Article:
We are presented with these stones, very earthly objects hewn out of the rocky desert, yet clearly bearing heavenly, esoteric meaning. According to our teacher, Abraham ibn Ezra, these earthly stones function as mirrors for celestial rocks. A poet, exegetical genius, astronomer, and astrologist, ibn Ezra taught that the names of the Israelite tribes on the stones were symbolic of constellations, and that they mirrored the celestial equator – the imaginary dividing line of the zodiac. He believed that the priestly stones were an instrument corresponding to the arrangement of the heavens, and that when used properly, could even predict the future. He wrote that, mysteriously, “these things can only be grasped by the mind… They were divided in a way that could be perceived by the eye” (Ibn Ezra Shemot 28:6).
The division of the night sky into the zodiac is something that can only be understood by our minds – when we look up into the heavens, we do not actually see twelve distinct areas. For ibn Ezra, the priestly garments are tangible reminders of this important connection to the heavens. They hold up a mirror to the relationship between the “upper” and “lower” worlds; between who we are now, and who we have the potential to become in the future. Ibn Ezra is expressing the connection between the micro and the macro; between the inner and outer. In the same way, Judaism is a framework for connecting to something larger than ourselves. We don’t exist merely within our own selves; we connect ourselves intimately to a community around us.
This week’s parasha presents us with an eminently important question: “how do we live our lives with integrity and authenticity both inwardly and outwardly?” The priestly vestments – a seemingly anachronistic instrument for our contemporary, anti-caste sensibilities – offer a model of how to exist in relationship to God and to those around us. Just as the Maharil Diskin suggested that the stones of the vestments appeared the same facing outwards as inwards, we are meant to live our lives in such a way that we appear the same facing in towards ourselves, and out towards the world. In this way, we can bring about a truly divine existence and mirror God’s holiness.
Yet there is a tension in this idea. Often, the image we broadcast to the world is not that which is emblazoned within our hearts. At times we are victims of what the ancient Greeks called akrasia – knowing best but doing worst. At others, we present ourselves in ways that betray our innermost selves. Indeed, the very word for clothes – beged, comes from the same shoresh as the word for betrayal – b’gidah. The relationship between vestments, and our inner selves is echoed in the Talmud: Rabbi Inyani bar Sason says that the Torah includes the laws for the priestly vestments and the laws for the sacrifices so close to each other, in order to draw the connection between our physical behavior and our spiritual purity (BT Zevakhim 88b).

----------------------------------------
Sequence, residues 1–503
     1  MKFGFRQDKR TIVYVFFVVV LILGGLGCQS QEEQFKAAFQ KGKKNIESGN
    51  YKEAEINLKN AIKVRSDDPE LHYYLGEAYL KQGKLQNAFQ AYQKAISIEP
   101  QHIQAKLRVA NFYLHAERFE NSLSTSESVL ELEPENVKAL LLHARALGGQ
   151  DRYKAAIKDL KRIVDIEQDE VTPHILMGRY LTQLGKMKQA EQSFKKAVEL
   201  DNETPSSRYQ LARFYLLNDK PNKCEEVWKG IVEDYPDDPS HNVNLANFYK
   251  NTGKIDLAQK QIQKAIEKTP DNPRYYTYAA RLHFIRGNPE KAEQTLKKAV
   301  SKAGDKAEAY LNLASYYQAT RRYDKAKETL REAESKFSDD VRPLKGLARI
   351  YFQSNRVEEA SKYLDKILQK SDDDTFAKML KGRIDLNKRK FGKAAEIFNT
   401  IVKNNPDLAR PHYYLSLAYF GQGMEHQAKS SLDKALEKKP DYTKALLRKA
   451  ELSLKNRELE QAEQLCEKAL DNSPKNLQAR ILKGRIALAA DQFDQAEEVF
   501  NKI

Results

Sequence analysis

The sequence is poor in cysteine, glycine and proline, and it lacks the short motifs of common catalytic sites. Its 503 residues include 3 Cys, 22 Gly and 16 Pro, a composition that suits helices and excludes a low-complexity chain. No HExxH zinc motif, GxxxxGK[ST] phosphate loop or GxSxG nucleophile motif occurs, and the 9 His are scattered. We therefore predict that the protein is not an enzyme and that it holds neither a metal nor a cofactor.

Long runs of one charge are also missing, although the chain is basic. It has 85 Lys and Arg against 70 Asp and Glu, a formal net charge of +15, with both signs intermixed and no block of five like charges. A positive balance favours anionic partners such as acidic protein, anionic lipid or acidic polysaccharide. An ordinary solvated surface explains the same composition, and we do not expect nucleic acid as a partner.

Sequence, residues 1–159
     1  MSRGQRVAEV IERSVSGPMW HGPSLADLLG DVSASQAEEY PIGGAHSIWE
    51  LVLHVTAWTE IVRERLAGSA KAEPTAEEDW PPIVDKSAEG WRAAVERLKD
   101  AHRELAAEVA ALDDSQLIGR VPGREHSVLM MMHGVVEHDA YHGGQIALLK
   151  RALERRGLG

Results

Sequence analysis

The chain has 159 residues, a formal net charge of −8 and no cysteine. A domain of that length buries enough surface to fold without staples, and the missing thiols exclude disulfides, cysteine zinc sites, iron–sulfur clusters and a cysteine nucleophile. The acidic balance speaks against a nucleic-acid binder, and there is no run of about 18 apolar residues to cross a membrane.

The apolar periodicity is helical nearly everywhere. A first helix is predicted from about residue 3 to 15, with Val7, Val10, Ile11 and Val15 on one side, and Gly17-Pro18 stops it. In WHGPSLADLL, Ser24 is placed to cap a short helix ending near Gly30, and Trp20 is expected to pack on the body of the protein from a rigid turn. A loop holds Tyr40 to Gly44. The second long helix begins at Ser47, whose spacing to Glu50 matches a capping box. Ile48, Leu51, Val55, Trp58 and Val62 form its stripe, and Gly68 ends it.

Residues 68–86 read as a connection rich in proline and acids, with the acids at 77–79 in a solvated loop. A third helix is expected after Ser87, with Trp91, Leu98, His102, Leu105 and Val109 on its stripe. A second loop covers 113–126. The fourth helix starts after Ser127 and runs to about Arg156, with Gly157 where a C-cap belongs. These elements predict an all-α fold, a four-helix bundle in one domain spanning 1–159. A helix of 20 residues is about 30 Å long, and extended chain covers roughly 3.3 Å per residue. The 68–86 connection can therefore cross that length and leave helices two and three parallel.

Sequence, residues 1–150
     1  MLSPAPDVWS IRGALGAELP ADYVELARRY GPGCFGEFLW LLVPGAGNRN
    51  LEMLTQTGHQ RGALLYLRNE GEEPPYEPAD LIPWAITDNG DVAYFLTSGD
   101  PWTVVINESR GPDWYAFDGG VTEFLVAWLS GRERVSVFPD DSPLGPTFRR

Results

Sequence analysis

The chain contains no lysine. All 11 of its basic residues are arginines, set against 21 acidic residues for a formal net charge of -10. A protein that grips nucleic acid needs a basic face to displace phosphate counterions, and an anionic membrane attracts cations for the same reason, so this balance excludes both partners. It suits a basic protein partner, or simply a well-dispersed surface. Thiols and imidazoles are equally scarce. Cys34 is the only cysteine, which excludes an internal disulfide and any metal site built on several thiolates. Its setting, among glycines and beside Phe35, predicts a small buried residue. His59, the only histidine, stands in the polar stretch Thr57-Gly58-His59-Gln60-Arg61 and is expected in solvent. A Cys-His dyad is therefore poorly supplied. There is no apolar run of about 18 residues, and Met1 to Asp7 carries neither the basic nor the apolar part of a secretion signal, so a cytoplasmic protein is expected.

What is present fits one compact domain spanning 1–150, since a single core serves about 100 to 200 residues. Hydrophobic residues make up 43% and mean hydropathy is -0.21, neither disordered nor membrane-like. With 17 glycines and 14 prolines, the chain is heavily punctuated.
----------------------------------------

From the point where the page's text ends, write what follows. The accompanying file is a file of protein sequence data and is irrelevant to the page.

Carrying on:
Rabbi Hanina taught that the various accoutrements of the vestments are actually able to atone for impure thoughts, arrogance, brazenness, slander, neglect of civil laws, and idolatry (BT Zevakhim 88b). Now the notion that we should be honest and just in whom we present ourselves to be is a deceptively simple idea, perhaps even an obvious one. Yet it is one which often remains unaddressed. In many ways, searching for the answer to this question is at the heart of our journey as future k’lei kodesh.
Earlier on his journey through the desert, the boy in the Alchemist was accompanied by an Englishman who was himself in search of the titular character. Pondering the meaning of the urim and tummim, the boy struck up a conversation with the man:
Why do they make things so complicated?” The Englishman responded: “So that those who have the responsibility for understanding can understand… It’s only those who are persistent, and willing to study things deeply, who achieve… That’s why I’m here in the middle of the desert.”
Our heritage is born out of the desert, out of mysteries, and out of the quest to bring ourselves closer to the ideal of who we can be. This is the quest to get closer to God, to become the mamlekhet kohanim that we are meant to be. If we are persistent; if we look beyond the words that occasionally appear backwards; if we are willing to look at ourselves deeply, reject betrayal, and portray ourselves outwardly as we are inwardly; then we will have the ability to become mirrors of the Divine.
This week, as we conclude Sefer Shemot, may we go from strength to strength on this journey.